Microsoft outlines .NET and XP privacy strategy

Declaring "war on hostile code" here on Tuesday, Microsoft Corp. detailed several new features for securing privacy in both current and future Microsoft products here at the RSA Conference 2001.

On the Windows .NET front, XML-based user authentication technology, code-named "HailStorm", topped the list. HailStorm will allow client-side applications and Web services to exchange user information.

"Privacy is at the core of the HailStorm system," said Dave Thompson, vice president of Windows development, who delivered a keynote address. "The only way that it [is] tractable for a user to deal with ... the myriad of Web services ... is through personalization. The only way to easily move from site to site and have your destiny under control is ... for you to give information up, as you want, to the right sources."

The Windows XP operating system, too, will feature beefed-up security. In particular, Thompson noted that PKI (Public Key Infrastructure) improvements are in the pipeline.

"We're filling in some of the places where we could have done better," he said, adding that new auto-enrollment and auto-renewal services for users "will make it very easy to deploy PKI."

Smart card support will further bolster XP privacy, according to Thompson. "All the functions that an administrator needs to do can be done with smart cards, including Terminal Service sections. You can uniformly require an administrator to use smart cards. That eliminates the risk of using passwords," he said.

XP will also allow for interoperability between smart cards and EFS (electronic filing system), which will let companies accept certificates issued by other PKIs.

Other XP announcements included faster SSL (Secure Sockets Layer) services, version 2 of the company's Security Configuration Wizard, which will let users configure access controls and turn off unneeded services, and an Internet Connection Firewall to allow users to safely connect directly to a network.

Thompson also addressed Microsoft's upcoming Internet Explorer 6.0 browser. As the company announced on March 21, IE 6.0 will feature native support for P3P (the Platform for Privacy Preferences). P3P is a privacy standard developed by the World Wide Web Consortium that notifies users about the privacy rules used at visited Web sites.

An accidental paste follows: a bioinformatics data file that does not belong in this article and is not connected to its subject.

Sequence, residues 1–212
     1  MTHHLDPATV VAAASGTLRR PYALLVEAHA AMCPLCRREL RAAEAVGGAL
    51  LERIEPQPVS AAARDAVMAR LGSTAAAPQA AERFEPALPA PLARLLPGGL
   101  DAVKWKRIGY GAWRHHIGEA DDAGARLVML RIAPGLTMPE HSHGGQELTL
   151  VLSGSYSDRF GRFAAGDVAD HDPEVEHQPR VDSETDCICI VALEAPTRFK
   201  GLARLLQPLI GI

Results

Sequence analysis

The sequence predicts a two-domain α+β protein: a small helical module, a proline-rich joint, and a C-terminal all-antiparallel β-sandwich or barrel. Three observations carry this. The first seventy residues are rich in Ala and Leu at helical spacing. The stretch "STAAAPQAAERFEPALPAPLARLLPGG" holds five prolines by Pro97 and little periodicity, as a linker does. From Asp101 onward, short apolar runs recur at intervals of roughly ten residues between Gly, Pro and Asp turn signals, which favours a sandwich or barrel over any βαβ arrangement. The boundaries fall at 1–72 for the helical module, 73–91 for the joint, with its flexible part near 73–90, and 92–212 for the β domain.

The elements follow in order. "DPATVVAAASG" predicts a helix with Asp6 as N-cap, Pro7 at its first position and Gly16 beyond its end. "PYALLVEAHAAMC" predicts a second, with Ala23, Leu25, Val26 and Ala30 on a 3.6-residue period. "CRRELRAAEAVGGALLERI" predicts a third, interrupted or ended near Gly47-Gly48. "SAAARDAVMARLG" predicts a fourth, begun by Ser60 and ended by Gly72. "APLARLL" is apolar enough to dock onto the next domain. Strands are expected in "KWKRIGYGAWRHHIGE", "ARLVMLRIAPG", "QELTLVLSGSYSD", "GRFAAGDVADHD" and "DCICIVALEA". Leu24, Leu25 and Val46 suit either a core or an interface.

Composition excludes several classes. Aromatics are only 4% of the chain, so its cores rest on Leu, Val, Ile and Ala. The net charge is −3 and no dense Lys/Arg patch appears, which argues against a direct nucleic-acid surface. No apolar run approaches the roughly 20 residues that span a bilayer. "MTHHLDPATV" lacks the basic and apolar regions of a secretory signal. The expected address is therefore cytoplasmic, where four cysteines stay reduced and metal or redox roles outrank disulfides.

Another part of Microsoft's IE 6.0 privacy plan involves the Privacy Statement Generator, which will generate policy statements at IIS (Internet Information Server)-hosted Web sites.

Thompson also announced a strategy to lower the cost of guaranteeing privacy for its customers. By reducing the need for users to reboot patched systems and sending out bulletins that list virus severity ratings and patch availability, Microsoft hopes to streamline its customers' operations, according to Thompson.

As well, Microsoft is trying harder to train its developers to spot privacy loopholes, Thompson said. He noted that the company's Secure Windows Initiative team has been assigned to scrutinize privacy in Microsoft products and train internal developers to create secure code.

Thompson was careful not to overstate Microsoft's role in determining privacy standards.

"I don't want to imply ... that Microsoft is driving or controlling or is the leading expert in security," he said. "[But] because of our role and the products we ship, we have an obligation to provide leadership [by] catalyzing the advancement of security knowledge."

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Stephen Lee

Computerworld
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